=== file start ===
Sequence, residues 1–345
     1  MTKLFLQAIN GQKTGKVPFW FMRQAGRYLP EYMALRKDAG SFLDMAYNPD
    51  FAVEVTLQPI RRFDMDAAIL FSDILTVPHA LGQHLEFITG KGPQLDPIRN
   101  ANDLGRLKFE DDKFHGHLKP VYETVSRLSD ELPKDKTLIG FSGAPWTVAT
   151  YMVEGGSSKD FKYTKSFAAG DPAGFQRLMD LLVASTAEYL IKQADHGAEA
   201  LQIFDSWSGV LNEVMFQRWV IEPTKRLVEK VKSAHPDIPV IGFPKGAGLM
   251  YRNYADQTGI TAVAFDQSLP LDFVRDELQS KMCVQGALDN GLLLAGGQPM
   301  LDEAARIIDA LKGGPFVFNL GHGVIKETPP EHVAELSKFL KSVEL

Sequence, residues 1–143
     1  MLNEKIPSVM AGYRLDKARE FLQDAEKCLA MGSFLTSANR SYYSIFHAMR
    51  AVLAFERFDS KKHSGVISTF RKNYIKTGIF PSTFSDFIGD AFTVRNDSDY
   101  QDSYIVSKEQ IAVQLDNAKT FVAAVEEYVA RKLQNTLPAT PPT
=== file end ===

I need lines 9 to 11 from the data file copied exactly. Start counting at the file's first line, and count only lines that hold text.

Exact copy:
Sequence, residues 1–143
     1  MLNEKIPSVM AGYRLDKARE FLQDAEKCLA MGSFLTSANR SYYSIFHAMR
    51  AVLAFERFDS KKHSGVISTF RKNYIKTGIF PSTFSDFIGD AFTVRNDSDY